MP Luke Evans introduces digitally-altered images bill

  • Published
FaceAppImage source, Getty Images
Image caption,
MP Dr Luke Evans said the bill is targeted at those with significant, far-reaching influence

An MP has introduced a bill in Parliament calling for advisory labels on images where influencers have digitally altered their bodies.

Dr Luke Evans, the Conservative MP for Bosworth, in Leicestershire, introduced his Digitally Altered Body Images bill on Wednesday.

He said influencers would need to be "honest and upfront" about photo edits.

Dr Evans said people were "caught up in the arms race for the perfect selfie", which was impacting mental health.

Image source, UK Parliament
Image caption,
The MP cited research by the Women and Equalities Committee which found people's concerns about the way they look "start younger and last longer"

The Conservative MP told the Commons: "If someone has been paid to post a picture on social media which they have edited, or advertisers, broadcasters or publishers are making money from an edited photograph, they should be honest and upfront about it.

"This isn't about stopping you touching up your wedding photos or removing red eye on a post, it is targeted at those with significant, far-reaching influence and those with commercial intent."

The GP said the bill, which was introduced as a Ten Minute Rule Motion, was not an example of the "nanny state" in action.

Image source, Alamy
Image caption,
Dr Evans claimed one in five adults, and one in three teenagers, now feel "shame about their body"

He compared his proposals to similar existing advertising regulations, including a P logo displayed when paid promotions are included in television programming, and the "not actual game footage" disclaimer in videogame adverts.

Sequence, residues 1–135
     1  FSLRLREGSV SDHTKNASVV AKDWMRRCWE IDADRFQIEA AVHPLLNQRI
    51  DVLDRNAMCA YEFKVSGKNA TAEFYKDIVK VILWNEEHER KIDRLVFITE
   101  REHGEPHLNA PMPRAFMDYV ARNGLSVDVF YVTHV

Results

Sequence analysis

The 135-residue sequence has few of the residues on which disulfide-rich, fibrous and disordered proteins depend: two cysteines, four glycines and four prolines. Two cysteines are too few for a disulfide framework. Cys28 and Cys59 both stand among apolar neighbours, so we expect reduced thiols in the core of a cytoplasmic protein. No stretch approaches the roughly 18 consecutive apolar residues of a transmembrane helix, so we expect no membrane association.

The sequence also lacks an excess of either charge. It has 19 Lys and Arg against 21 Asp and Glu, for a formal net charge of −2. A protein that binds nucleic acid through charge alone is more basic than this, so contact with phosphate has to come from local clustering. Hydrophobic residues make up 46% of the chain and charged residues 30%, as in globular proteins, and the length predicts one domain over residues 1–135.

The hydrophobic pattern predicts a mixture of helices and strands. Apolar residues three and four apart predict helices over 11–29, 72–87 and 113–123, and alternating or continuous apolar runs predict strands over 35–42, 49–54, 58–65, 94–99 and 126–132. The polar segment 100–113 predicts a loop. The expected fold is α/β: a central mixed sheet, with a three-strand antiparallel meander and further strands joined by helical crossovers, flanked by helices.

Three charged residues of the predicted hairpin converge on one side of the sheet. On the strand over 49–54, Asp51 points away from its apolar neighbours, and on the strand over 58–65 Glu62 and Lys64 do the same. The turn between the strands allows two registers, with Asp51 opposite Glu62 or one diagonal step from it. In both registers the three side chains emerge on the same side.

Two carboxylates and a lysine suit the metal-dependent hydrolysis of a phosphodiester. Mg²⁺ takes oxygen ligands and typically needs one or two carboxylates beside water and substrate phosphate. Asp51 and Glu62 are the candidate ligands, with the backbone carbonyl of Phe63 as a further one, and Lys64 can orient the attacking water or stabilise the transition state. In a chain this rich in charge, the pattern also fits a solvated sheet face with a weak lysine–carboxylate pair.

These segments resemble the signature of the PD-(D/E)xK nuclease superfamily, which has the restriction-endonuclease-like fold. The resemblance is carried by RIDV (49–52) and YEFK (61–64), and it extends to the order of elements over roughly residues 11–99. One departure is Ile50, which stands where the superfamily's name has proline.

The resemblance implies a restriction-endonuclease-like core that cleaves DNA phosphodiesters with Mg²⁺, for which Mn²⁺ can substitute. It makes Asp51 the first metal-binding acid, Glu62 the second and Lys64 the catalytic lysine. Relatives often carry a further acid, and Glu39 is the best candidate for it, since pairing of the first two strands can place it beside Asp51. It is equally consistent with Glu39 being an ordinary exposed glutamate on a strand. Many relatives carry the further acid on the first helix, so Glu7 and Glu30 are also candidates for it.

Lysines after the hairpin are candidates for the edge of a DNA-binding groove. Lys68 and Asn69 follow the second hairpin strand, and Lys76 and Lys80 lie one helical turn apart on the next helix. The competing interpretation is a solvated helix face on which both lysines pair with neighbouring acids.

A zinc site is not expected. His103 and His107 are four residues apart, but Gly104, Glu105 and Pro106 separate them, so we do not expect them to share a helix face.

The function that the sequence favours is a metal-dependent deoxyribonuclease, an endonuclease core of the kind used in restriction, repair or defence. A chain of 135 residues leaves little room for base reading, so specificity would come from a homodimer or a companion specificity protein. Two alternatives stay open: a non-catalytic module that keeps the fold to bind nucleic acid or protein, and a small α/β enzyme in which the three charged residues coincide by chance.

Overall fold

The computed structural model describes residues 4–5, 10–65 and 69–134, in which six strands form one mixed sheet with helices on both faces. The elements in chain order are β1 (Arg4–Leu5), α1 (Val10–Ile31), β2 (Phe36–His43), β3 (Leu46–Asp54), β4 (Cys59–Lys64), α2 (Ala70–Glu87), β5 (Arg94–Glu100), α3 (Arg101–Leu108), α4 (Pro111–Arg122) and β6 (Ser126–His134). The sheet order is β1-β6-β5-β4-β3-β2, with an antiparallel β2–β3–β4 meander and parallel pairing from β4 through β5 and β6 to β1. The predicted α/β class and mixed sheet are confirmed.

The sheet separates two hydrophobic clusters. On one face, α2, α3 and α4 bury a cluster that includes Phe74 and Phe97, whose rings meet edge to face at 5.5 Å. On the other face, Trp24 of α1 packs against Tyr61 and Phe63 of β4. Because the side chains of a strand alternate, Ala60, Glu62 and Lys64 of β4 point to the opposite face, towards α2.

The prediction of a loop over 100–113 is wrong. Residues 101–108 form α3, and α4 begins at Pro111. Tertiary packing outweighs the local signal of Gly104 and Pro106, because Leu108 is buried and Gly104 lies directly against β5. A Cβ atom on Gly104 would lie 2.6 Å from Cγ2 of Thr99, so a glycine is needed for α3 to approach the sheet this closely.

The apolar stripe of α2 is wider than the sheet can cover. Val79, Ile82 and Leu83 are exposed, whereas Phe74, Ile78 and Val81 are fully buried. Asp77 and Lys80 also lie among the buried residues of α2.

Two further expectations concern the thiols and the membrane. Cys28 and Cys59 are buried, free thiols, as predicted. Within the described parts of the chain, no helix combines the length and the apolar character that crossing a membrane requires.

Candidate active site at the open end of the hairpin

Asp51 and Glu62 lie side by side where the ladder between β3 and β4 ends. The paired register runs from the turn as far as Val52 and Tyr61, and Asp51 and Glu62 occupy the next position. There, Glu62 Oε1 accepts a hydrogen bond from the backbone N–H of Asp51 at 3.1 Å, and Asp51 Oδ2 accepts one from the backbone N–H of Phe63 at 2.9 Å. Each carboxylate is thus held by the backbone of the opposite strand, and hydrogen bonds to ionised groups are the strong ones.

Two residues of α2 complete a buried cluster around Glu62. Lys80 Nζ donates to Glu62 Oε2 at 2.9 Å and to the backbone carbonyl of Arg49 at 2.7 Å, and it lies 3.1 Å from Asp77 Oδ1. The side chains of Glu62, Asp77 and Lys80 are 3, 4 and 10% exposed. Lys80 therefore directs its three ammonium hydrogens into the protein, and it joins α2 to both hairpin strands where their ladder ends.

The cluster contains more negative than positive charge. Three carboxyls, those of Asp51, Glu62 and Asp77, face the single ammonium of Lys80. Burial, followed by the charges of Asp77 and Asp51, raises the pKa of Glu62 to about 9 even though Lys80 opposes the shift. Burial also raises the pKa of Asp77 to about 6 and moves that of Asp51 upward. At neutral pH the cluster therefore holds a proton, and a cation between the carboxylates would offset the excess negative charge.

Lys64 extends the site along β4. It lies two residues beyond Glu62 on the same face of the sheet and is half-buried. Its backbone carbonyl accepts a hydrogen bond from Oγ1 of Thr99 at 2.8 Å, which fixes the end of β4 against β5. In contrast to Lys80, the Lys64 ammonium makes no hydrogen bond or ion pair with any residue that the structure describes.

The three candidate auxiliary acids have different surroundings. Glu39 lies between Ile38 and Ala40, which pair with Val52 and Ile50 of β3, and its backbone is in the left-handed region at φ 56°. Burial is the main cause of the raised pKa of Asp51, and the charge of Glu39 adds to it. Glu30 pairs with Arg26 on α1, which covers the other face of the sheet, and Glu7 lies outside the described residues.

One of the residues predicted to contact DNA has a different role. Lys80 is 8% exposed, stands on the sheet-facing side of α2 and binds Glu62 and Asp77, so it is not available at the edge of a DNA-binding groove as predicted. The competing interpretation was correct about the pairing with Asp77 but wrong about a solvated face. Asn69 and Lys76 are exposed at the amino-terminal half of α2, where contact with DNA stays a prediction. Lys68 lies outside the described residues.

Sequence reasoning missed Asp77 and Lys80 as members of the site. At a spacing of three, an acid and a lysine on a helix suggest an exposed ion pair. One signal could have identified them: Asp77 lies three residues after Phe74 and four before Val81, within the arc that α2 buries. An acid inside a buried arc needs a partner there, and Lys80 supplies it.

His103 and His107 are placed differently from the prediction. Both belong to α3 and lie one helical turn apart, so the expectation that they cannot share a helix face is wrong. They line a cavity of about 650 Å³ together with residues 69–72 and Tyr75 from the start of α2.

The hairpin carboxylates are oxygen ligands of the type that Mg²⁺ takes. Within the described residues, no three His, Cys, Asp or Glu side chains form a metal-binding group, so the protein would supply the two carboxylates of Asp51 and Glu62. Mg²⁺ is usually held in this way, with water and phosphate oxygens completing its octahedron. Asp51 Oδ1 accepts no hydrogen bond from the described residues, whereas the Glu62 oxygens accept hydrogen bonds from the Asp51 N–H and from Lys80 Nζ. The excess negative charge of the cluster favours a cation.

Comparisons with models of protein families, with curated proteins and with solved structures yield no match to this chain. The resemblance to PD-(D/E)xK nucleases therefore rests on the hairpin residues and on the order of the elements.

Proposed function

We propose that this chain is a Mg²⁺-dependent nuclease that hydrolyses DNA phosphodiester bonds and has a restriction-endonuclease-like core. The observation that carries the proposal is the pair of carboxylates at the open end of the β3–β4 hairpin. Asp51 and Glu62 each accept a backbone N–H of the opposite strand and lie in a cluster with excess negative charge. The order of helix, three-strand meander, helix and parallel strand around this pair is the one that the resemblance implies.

Dr Evans added that ideally he doesn't want to see such logos on images because he hopes "we can foster a society that aims for body positivity without physiques that are literally impossible without digital manipulation".

He said: "Yet failing that, and until then, the government must consider primary and precautionary measures to help curb the dramatic rise in poor mental well-being, the mass individual self-loathing across the UK, the serious mental health disorders like anorexia and bulimia that are becoming florid, and I believe my bill is a small and fitting way to start this journey."

Dr Evans said he also noticed a rising number of people with concerns about their image when he worked as a GP.

Follow BBC East Midlands on Facebook, Twitter, or Instagram. Send your story ideas to eastmidsnews@bbc.co.uk.

Related Internet Links

The BBC is not responsible for the content of external sites.